On The Line’s feeble attempt at feel-good romance is enough to leave audiences longing for a refund of their time and money. Ten-year-old girls holding free movie tickets might be into the film, but everyone else should steer clear of this unabashed vehicle to promote ‘NSync’s Lance Bass and Joey Fatone.
On The Line (Miramax) is an insipid love story about two 20-something strangers who meet while riding the “El” in Chicago. Kevin (Bass), a shy marketing executive working on Reebok’s new pre-teen shoe campaign, manages to attract the attention and affection of fellow commuter Abby (Emmanuelle Chirqui), who is visiting Chicago to take a break from a three-year relationship.
Kevin and Abby have a short and meaningless conversation, as strangers often do, and then, without warning, fall totally in love. So surprising is this romance, even to the young lovers involved, Kevin forgets to get the mystery girl’s phone number or even her name and spends the rest of the movie searching all of Chicago to find her. He is helped and hindered in his search by his three high school chums, including Fatone’s character.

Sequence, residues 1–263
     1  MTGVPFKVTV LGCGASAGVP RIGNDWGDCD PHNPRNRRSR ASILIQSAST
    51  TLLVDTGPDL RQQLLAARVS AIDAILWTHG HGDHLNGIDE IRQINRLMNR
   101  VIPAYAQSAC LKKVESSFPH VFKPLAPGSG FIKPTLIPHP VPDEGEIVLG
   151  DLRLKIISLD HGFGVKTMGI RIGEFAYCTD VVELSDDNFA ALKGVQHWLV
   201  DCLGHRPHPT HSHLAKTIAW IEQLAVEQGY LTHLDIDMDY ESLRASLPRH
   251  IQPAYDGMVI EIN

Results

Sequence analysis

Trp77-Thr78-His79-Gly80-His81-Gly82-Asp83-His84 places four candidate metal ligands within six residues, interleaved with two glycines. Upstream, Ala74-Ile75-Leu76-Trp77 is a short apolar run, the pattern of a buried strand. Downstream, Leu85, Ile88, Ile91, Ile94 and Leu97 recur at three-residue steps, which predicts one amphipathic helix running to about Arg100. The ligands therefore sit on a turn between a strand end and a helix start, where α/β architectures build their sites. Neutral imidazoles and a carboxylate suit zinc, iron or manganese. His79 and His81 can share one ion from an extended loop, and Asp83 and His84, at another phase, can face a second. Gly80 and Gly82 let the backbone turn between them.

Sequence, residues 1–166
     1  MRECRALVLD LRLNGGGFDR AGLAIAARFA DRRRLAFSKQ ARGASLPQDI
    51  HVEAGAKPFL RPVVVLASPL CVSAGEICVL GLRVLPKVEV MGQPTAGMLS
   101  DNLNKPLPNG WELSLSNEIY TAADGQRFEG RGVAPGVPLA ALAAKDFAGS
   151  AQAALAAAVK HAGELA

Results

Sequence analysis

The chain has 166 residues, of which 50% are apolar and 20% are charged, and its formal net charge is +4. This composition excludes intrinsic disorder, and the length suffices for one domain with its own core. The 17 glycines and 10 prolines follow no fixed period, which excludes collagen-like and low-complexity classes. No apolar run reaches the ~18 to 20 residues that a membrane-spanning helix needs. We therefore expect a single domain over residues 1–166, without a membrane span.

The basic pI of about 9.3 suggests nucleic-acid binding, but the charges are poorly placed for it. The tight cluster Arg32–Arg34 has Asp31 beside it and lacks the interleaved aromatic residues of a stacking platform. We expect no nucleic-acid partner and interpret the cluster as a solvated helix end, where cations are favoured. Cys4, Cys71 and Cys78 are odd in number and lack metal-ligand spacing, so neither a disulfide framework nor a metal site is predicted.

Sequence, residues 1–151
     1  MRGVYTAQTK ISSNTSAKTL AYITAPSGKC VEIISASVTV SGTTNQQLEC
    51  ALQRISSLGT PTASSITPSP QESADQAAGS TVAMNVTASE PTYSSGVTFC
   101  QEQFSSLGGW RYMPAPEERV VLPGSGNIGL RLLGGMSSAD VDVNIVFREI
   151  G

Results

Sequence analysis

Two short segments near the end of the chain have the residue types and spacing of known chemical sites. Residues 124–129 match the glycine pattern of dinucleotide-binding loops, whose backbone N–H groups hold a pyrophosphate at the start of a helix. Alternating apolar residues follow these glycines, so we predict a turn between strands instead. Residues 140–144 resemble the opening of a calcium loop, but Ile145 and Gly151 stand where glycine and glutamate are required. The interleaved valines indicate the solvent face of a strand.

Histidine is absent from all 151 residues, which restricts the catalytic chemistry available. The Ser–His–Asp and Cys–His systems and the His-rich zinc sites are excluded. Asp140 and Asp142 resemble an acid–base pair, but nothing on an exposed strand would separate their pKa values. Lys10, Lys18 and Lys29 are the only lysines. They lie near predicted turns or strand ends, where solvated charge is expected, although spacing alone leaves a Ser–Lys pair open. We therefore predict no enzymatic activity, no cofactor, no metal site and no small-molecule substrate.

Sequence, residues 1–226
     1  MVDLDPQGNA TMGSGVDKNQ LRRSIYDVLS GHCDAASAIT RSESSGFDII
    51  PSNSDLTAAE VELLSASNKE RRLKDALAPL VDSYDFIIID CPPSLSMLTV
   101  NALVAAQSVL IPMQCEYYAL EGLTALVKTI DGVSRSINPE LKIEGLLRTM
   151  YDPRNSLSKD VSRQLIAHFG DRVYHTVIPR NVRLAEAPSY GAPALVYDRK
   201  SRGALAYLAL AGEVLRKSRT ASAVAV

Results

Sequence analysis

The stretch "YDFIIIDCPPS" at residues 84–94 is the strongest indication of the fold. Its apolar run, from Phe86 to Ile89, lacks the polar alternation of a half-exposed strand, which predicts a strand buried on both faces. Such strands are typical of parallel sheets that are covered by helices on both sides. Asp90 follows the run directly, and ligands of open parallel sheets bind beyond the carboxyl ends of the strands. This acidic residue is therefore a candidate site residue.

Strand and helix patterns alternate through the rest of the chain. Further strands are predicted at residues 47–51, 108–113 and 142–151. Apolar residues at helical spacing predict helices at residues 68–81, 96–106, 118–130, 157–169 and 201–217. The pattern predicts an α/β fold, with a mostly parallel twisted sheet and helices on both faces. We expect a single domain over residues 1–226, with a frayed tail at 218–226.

There are some surprising cameo appearances in On The Line, including WWF’s Chyna and Jerry Stiller from “Seinfeld,” that manage to buoy the movie. Just when you start to nod off, you are momentarily roused by the appearance of a recognizable celebrity.
But cameos alone just are not enough to save the film from its weak story line. Even more painful are the shameless plugs for various products such as Pepsi, Verizon, Reebok and, of course, MTV.
Bass and Fatone should stick to the world of pop music – crossing over just is not possible for these teen idols. When the two actors flub their lines the camera keeps rolling, only because by that point the audience will probably be numb enough not to notice the actors’ frequent mistakes.
The only actor whose performance is worth praise is Chirqui (100 Girls) who shines amid a bleak storm of miserable acting.
The one redeeming quality of On The Line is students who have to leave the theater to answer a phone call won’t miss anything. Like a made-for-TV movie, the simplicity of the plot makes it impossible to get lost.
On the Line is in theatres Friday.